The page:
• Wednesday, May 29, 2024
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Domestic consumption, industrialisation remain under-tapped opportunities in Nigeria’s gas market

Domestic consumption, industrialisation remain under-tapped opportunities in Nigeria’s gas market

With its huge reserves and potential for economic transformation, the need to explore gas for domestic development and implement policies to drive its utilisation, especially as it relates to domestic consumption and industrial growth, remain a major agenda for stakeholders in the natural gas space.

Nigeria is home to the largest natural gas reserves in Africa and the ninth largest in the world but it has continued to suffer supply shortage over the years.

With less than 20 per cent of the natural gas produced in the country going to the domestic market despite huge demand, most stakeholders have advocated for a higher market penetration by putting the right regulations, fixing infrastructure and encouraging the private sector in order to unlock the nation’s huge gas potential.

ED Ubong, managing director Shell Nigeria gas said there are huge opportunities in the domestic gas market which can come through Nigeria’s industrial cycle through important sectors such as manufacturing, power, feedstock among others.

Read Also: Long-run projections for gas as transition fuel mean vast opportunities for Nigeria

With the coronavirus disrupting global energy balance, leading to declining oil prices due to low demand, the need to encourage local consumption of gas, especially for power generation in a country with a huge energy deficit remains key.

“We need to put regulations in place that will put long term clarity on the availability of gas, Ubong said. “Most Investors want to know if gas will be available in the next 10 years, not just a year contract.”

Justice Derefaka, programme manager, Nigeria’s Gas Flare Commercialisation Programme (NGFCP) said industry players need to put economic diversification as a front burner and make sure gas infrastructure is well developed across the country.

“We need to look at how to explore more opportunities in using gas to build more petrochemical industries in Nigeria,” Derefaka explained to the delegates, at the BusinessDay Energy Series, titled Gas Market Development – Opportunities, Drivers & Challenges.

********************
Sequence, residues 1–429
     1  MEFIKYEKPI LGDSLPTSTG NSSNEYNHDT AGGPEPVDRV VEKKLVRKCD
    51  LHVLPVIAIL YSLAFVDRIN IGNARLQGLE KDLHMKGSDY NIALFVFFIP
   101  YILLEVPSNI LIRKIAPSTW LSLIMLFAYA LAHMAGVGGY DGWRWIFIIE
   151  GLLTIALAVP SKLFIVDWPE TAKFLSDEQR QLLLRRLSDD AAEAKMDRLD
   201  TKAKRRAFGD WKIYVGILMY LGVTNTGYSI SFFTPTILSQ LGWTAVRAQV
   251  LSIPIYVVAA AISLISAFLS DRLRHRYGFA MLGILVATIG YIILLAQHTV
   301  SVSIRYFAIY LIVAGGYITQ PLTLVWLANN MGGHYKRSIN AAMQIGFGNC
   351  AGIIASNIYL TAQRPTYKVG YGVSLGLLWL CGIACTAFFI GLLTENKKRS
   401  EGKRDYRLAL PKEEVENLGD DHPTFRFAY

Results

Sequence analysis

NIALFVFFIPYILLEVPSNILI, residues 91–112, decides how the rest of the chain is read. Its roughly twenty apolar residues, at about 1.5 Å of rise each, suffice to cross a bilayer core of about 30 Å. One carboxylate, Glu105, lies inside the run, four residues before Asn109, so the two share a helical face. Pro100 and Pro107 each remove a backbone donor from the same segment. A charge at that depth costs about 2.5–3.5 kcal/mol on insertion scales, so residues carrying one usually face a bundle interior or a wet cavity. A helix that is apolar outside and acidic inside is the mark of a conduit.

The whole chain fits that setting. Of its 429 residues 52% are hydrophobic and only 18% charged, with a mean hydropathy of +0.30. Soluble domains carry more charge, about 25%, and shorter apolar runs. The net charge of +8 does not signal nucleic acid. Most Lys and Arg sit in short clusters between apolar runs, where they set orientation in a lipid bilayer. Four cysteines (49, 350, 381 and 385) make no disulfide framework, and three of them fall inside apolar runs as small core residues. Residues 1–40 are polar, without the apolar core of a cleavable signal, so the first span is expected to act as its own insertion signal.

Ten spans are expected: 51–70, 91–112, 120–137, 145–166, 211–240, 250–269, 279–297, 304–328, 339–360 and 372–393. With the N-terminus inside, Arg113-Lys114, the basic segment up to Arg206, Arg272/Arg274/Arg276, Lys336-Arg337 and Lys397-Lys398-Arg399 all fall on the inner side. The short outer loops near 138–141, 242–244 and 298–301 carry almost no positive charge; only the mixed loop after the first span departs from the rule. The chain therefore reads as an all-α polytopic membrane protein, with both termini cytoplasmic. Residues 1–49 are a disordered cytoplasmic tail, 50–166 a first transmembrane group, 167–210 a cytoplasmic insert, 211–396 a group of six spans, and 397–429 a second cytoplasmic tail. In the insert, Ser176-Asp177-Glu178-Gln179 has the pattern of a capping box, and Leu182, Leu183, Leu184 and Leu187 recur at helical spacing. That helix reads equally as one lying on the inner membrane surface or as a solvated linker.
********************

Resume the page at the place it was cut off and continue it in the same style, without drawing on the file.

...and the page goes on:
Adedayo Adeshina, Manager of the implementation of Nigerian LPG expansion plan, Office of the Vice president said the downstream sector of gas which is the LPG space needs a lot of expansions most especially in the north who boast of a large population with most people still depending on local means of cooking.

“We need to ramp up more domestic production of LPG to meet local demands by incentivising the private sector to operate more in rural areas,” Adesina said.

Omotunde Hassan, CEO of Solad said that there is huge potential in the market and the government can come in with lots of interventions and policies to stimulate local consumption of gas.

Edwin Devakumar, group Executive Director of Dangote Industries Limited said Nigeria needs to use gas in adding value to raw materials which can be used in solving the country’s import substitution problems.

Though the Gas Policy is clear that to fully develop the industry, there is a need to move towards a deregulated market allowing for willing buyer-willing seller arrangements, operators note that strict regulation of the gas price for the entire gas value chain is at variance to the spirit of the National Domestic Gas Supply and Pricing Policy 2008 and the Gas Policy, which enshrines the government’s position on the achievement of a market-led pricing approach and incentivising private sector investment in the gas industry.